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Venevision International presents
Equis (X) (2002)

Javier: Looks like a real mess.
Santiago: Well, the easiest cases always look like this at the start.

- Antonio Resines, Pere ArquilluŽ

Review By: Nate Meyers   
Published: September 30, 2005

Stars: Antonio Resines
Other Stars: Mar’a Ad‡nez, Esperanza Roy, Manuel Geliana, Marta Belaustegui, Pere ArquilluŽ, Antonio Dechent, Paco Hidalgo, Joaqu’n Notario, Paco Hern‡ndez, Sandra Toral, Janfri Topera
Director: Luis Marías

MPAA Rating: Not Rated for (violence, language)
Run Time: 01h:34m:16s
Release Date: June 07, 2005
Genre: foreign

Image Transfer
Audio Transfer
B B-D+C+ D

DVD Review

Homicide detective Javier Abad (Antonio Resines) awakens, next to an unknown woman in a strange room, with a sore shoulder and severe hangover. Staggering to his car, he has no recollection of the night before, but the salon across the street catches his eye. He ponders about it, notices a bum staring at him, and decides to leave. Inside his car Javier finds a red bag and scissors saturated in blood. Not knowing what to make of them, he hides them and returns home to his pregnant wife, Bea (Marta Belaustegui). Later that same day, Javier finds himself being called to the scene of a murder at the very same salon. Could he be the murderer?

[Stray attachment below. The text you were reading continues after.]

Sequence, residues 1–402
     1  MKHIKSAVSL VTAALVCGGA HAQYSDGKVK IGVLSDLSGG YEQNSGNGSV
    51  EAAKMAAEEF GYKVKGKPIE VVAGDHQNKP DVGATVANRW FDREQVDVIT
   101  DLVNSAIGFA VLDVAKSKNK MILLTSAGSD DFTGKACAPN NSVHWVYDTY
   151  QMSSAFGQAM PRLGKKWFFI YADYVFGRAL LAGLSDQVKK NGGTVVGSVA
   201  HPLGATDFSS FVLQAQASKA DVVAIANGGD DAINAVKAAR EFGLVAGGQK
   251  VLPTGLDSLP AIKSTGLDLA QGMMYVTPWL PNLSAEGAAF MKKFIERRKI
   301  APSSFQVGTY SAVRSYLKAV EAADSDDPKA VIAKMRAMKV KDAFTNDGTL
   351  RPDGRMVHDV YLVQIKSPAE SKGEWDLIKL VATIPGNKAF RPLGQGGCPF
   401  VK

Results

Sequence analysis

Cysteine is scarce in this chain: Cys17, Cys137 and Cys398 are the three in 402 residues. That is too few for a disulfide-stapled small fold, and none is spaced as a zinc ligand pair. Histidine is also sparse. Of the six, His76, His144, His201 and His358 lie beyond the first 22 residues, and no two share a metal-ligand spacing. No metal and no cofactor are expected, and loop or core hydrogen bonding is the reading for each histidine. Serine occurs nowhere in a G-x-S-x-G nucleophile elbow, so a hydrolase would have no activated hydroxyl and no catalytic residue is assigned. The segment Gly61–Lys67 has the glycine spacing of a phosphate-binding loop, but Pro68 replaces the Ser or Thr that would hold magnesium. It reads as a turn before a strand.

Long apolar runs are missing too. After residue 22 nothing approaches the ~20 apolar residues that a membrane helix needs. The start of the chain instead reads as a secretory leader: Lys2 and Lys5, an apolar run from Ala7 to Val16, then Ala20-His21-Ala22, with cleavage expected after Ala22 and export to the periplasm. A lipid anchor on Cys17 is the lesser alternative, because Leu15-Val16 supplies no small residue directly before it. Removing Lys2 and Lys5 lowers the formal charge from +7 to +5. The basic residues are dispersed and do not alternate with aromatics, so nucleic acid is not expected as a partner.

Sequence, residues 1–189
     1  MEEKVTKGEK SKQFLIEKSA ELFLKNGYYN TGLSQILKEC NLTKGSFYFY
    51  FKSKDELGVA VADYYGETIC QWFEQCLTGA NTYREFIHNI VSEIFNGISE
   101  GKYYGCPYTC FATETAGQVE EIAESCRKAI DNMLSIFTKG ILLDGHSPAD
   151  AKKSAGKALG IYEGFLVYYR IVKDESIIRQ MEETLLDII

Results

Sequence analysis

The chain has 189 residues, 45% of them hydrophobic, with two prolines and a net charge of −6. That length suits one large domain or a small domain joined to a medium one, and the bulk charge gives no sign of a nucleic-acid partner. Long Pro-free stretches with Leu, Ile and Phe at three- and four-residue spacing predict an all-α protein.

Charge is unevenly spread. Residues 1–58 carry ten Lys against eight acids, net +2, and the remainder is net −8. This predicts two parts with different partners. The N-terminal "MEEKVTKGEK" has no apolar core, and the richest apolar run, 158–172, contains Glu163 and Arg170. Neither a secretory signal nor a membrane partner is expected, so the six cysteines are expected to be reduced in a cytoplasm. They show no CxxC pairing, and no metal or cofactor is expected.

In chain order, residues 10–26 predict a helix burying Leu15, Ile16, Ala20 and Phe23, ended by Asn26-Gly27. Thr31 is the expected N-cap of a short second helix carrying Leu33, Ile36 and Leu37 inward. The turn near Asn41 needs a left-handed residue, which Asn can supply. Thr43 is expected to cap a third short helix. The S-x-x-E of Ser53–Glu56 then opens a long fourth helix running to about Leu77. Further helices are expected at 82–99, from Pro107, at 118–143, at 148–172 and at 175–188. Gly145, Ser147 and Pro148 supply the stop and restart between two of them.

The setup for Luis Marías' Equis (X) unfolds slowly in its opening minutes, with almost ten minutes passing before Javier even says a word. All the essential pieces to the puzzle are introduced subtly and the rest of the film is devoted to solving them alongside Javier. A blistering heat wave fogs his mind as he tries to solve the case without letting his associate, Santiago (Pere Arquillué), in on any of the details. The pieces keep piling up against Javier, though, with witnesses telling Santiago that they saw him at the scene of the crime. The murder victim was a homosexual and Javier's bigoted behavior in the past makes him all the more likely to have killed the man. But, digging deeper into the mystery of that forgotten night, he learns that the victim and his sister, Alicia (María Adánez), were mixed up in some money scam. Thus, Javier needs to discover if he is truly the culprit or if somebody else is framing him and stole the money.